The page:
Lindia Willies-Jacobo (12:08): 

Yeah, thanks Chris. And I was going to say, before responding to that, just listening to Dr. O’Connell and hearing the importance of physician well-being as our students potentially transition into residencies at Kaiser Permanente was really important to know that here also at the school well-being is also at the forefront of what we are trying to do with our curriculum and our co-curricular spaces. So that level of intentionality was just wonderful to hear about as well. And one of the things I would say, I spend a lot of time thinking about the physician workforce, especially through an inequity and inclusivity lens. And I will say for me, ensuring that the physician workforce is diverse requires a lot of intentionality as well as knowing the data. Because I think it’s really important to know where one could potentially put resources and maximize output from that. So I’ll just share one data point that I think you’re likely familiar with, and that is that about 12% of the U.S. population are Black, yet nationally only about 5% of physicians are Black. 

And I think when you start to disaggregate those numbers, it’s even more stark if one looks at the trend of Black men applying to and matriculating into medical schools. So recently the Association of American Medical Colleges considered this a national crisis, especially in the context of recognizing that there has not been a whole lot of change in about 35 years, and in fact, in some cases, a bit of a decline. So I think the way I think about it through my EID lens is that as far upstream as we can place our efforts, I think the better off we will be downstream. What I mean by that is ensuring that part of our strategy is exposing kids as young as possible to the thought of becoming doctors. I think it’s pretty cliched, but we often say it’s hard to be what you can’t see. And I’ll say here at Kaiser Permanente Bernard J. Tyson School of Medicine, a lot of our pathway efforts are in doing just that. And when I was at UC San Diego, many of our efforts was ensuring that we were providing support throughout the entirety of the educational journey, but remembering that a lot of this begins quite early. So looking at how to engage middle schoolers and high schoolers into the field of medicine or health professions is going to be important to addressing these shortages.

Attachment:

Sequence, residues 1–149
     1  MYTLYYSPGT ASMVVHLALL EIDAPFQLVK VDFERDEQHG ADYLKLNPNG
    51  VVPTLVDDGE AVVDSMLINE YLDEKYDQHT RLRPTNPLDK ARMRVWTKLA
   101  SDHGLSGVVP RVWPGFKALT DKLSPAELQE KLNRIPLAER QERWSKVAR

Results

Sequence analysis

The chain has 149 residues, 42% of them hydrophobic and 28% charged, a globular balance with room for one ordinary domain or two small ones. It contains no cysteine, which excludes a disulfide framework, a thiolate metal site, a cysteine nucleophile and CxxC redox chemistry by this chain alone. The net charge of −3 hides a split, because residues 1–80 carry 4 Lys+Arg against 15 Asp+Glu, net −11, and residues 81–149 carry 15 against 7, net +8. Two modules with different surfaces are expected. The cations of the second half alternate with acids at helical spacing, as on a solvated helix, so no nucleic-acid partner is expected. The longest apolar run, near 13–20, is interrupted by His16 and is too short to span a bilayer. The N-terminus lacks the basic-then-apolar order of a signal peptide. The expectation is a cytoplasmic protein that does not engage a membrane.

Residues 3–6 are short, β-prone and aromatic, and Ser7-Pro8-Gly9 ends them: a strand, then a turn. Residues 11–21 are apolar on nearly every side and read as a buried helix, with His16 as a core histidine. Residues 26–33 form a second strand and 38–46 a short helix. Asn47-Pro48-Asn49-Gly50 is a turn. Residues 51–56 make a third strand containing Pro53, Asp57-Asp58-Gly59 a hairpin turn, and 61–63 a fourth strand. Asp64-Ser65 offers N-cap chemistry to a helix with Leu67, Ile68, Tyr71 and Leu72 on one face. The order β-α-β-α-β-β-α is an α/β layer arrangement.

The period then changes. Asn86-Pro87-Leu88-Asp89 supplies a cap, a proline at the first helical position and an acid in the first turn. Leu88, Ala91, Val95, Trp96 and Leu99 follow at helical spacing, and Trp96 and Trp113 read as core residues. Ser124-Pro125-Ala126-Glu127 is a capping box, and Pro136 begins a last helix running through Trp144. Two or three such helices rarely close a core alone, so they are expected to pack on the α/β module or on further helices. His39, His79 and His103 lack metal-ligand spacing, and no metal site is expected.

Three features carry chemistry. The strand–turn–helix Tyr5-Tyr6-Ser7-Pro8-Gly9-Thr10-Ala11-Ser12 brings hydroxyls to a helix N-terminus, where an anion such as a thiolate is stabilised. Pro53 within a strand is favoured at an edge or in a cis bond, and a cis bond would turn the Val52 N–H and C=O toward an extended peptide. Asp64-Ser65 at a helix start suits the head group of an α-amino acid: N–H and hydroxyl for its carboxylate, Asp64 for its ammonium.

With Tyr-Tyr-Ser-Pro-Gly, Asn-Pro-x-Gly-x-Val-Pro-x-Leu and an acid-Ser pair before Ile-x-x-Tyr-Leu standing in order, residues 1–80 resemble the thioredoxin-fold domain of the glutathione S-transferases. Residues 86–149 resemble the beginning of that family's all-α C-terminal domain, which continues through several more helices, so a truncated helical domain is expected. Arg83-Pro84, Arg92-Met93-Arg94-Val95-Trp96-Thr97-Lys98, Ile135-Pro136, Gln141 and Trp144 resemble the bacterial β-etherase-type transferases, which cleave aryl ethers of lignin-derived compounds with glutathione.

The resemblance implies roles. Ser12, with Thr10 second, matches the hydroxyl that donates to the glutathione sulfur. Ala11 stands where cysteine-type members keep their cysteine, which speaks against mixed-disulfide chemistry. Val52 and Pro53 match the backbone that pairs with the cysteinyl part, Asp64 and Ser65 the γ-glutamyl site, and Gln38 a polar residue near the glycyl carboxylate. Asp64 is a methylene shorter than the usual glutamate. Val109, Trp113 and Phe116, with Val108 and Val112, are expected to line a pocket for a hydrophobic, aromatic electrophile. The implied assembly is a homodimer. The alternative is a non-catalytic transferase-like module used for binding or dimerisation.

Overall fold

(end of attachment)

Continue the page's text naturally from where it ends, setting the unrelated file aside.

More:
Chris Grant (15:06): 

Ted, I’m interested in your thoughts on both the criticality of this outreach to diverse populations for future physician workforce, but also how the heck do we solve for this 124,000 physician shortage that’s predicted? 

Ted O’Connell (15:22): 

Well, Chris, it’s a really big problem to try to tackle. And in addition to what we’re talking about here, it’s also going to take approaches around health policy and advocacy efforts to really address it. I think the core of my answer echoes and maybe builds on a bit of what Lindia had to say, and that’s really recognizing the value of starting really early in the process and thinking about what the potential pool of future health care practitioners looks like. In my mind, we need to be thinking about physicians, and we also need to be thinking about the rest of the U.S. health care workforce because there are real shortages in nursing and in all the other allied health care fields. And I really believe we need to be expanding the pool of people who potentially see them[selves] as future health care practitioners. And that means nurturing pipeline programs and providing mentorship and support to students who might not otherwise have this exposure to health care in their lives and might not otherwise imagine themselves as future physicians, which gets to Lindia’s point about you’re not going to become what you don’t see.